Simply put: Comic book publishers have a horrible history with treating their writers and artists. If you’re interested in playing in the work-made-for-hire sandbox, then know the environment in which you’re working and know what your rights are. For me, now, creator-owned comics are the only thing that I’ll be doing in comics.
The topic of comic book Creators’ Rights does still interest me a great deal. I still believe that, at the very least, the Creator’s Bill of Rights is a must-read for professional comic book creators and for young artists who wish to have a career in comics and/or in animation.
It’s just that, now, I don’t know if we can actually change the policies of comic book publishers that promote work-made-for-hire. Maybe it’s just best to ignore the likes of Marvel and DC. There are more creator-friendly publishers out there. Why keep flogging a dead horse?
My opinion hasn’t changed, exactly. I like to think that my focus has just evolved. I don’t care what the corporate comic publishers are doing anymore.
I’m wondering if Will Eisner was more often correct about Creators' Rights than I previously thought.
I snail-mailed this article to Dave Sim. Here's my letter to Dave (I clarified a few things in the letter)...
April 28, 2017
How are things? I pray that all is well.
I wrote a little something about my recent thoughts on comic book Creators’ Rights. (See attached.) I posted this on my blog, I shared it on Facebook, and I posted it on the Creators’ Rights website.
On April 4, 2017, I was at the School of Visual Arts’ “100 Years of Genius: The Life and Legacy of Will Eisner” where Frank Miller talked about Will Eisner. Mr. Miller briefly shared his views on how Will saw comic book Creators’ Rights. (SVA was great with me, as always.)
On April 22, 2017, I visited the Society of Illustrators in Manhattan. Currently, they have an exhibit of Will’s artwork on display. Denis Kitchen was speaking about the exhibit which is titled “WILL EISNER: The Centennial Celebration.” (Quite an awesome exhibit. You should check it out, if possible.)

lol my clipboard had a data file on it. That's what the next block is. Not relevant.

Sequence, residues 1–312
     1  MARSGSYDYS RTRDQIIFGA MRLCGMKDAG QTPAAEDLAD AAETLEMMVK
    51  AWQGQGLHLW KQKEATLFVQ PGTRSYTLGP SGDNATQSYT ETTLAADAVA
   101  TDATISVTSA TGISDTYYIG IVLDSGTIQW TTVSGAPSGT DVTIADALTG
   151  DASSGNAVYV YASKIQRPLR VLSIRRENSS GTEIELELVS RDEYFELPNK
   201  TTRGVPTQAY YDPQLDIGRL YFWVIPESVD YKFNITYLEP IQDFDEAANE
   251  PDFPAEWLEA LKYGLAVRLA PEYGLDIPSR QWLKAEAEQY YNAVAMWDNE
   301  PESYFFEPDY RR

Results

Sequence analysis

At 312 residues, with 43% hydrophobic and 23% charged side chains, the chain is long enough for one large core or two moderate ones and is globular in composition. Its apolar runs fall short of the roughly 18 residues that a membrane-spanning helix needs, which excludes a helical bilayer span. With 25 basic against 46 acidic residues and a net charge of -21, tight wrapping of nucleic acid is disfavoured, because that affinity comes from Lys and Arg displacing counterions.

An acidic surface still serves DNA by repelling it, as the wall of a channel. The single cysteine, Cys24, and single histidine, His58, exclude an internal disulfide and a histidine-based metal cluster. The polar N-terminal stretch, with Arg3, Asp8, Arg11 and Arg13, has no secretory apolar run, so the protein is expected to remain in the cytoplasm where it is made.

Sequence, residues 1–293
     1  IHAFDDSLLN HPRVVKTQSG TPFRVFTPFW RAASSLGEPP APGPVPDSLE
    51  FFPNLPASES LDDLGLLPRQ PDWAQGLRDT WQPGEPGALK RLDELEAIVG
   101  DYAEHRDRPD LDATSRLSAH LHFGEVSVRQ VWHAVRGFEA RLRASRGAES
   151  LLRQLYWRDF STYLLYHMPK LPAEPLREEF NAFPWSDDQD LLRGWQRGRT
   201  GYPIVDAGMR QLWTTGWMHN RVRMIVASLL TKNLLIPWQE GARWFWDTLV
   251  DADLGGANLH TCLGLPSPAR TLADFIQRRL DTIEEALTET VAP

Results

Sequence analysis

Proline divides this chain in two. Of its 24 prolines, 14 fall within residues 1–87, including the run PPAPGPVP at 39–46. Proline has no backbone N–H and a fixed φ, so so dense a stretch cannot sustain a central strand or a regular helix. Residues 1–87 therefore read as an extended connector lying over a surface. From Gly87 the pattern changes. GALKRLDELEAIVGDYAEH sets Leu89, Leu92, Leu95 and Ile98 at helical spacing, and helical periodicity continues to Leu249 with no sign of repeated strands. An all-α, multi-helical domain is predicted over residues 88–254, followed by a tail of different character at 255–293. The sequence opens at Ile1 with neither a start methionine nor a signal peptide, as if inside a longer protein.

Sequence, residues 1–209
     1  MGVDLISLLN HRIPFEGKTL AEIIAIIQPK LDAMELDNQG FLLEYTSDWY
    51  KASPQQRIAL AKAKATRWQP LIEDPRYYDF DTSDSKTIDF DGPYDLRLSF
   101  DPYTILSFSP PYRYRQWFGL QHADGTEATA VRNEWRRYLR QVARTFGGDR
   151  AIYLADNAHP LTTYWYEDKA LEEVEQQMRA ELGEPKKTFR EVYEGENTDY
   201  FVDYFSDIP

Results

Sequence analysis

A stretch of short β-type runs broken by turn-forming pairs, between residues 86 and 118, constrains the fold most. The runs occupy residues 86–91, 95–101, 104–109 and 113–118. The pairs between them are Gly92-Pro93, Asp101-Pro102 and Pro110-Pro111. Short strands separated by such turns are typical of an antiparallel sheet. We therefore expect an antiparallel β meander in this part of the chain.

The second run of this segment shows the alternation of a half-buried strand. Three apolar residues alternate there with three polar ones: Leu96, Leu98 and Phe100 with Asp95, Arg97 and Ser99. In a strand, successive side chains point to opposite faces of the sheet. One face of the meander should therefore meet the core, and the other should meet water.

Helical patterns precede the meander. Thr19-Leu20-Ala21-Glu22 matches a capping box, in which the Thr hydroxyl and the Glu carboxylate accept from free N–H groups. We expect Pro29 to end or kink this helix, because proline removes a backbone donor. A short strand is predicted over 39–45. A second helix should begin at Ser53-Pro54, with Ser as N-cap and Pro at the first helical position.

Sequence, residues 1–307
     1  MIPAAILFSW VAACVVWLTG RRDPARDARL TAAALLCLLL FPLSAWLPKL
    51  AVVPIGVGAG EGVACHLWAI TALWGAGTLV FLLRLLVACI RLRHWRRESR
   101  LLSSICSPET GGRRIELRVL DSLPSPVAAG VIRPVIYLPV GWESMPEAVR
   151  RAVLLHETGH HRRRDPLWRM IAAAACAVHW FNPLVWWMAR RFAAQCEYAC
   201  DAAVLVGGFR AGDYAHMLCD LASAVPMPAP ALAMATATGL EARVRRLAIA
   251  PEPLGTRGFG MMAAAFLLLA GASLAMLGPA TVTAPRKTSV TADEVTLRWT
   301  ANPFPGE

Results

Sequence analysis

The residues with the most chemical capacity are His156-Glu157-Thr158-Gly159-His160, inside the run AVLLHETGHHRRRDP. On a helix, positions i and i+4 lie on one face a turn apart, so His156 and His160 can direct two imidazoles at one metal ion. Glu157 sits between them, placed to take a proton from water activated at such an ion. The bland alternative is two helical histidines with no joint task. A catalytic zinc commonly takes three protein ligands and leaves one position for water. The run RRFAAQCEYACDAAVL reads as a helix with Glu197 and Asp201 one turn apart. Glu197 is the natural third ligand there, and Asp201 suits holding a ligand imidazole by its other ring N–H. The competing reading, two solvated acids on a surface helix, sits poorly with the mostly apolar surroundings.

Of course, all of this gets me thinking more about Creators’ Rights. Hence, the blog post.
I may have been kinda cranky when I wrote the blog post. What I was trying to say was that I remain very supportive of Creators’ Rights, but since Marvel Comics/Marvel Worldwide Inc./Marvel Entertainment, LLC/The Walt Disney Company as well as, DC Comics, Inc./DC Entertainment/Warner Bros. Entertainment, Inc./Time Warner are huge corporations, I’m pessimistic that they’ll ever move further on Creators’ Rights, especially in regards to ownership (i.e.: trademark and copyright).
For example, we’ve seen this in recent years in relation to Marvel/Disney settling with the Jack Kirby estate over ownership of Jack Kirby’s co/creation of Marvel characters, as well as Gary Friedrich’s settlement with Marvel/Disney over the ownership of Ghost Rider. It seems clear to me that the likes of Marvel/Disney and DC Entertainment have no intention of sharing ownership of intellectual properties with anyone. History has shown that the “Big Two” would seek legal action and then drop loads of money on people rather than share, give, or give back ownership of characters to creators or their families.
(Disney’s contract that I saw back in the 1990s was incredibly bad. Their contract prevented animators from owning anything that they drew, even creator-owned projects that the animators worked on in the privacy of their own home. At that time, there was one animator that I knew that was, also, working for Marvel Comics. He had to be credited using a pseudonym on his Marvel book to avoid any problems with Disney. Of course this was back in the days that Marvel and Disney were separate entities. Now, I don’t know what Disney’s current contract is like, but I would imagine that it wouldn’t be all that different today. Also, I don’t want to imply that Disney’s 1990s contract has become what Marvel’s contract is today. I have no idea about that.)
What do you think?
In Christ Jesus,
John 14:15-20 (New International Version): 15 “If you love me, keep my commands. 16 And I will ask the Father, and he will give you another advocate to help you and be with you forever— 17 the Spirit of truth. The world cannot accept him, because it neither sees him nor knows him. But you know him, for he lives with you and will be in you.”
Next: Dave Sim's response to Al Nickerson's "Frank Miller got me thinking..." article...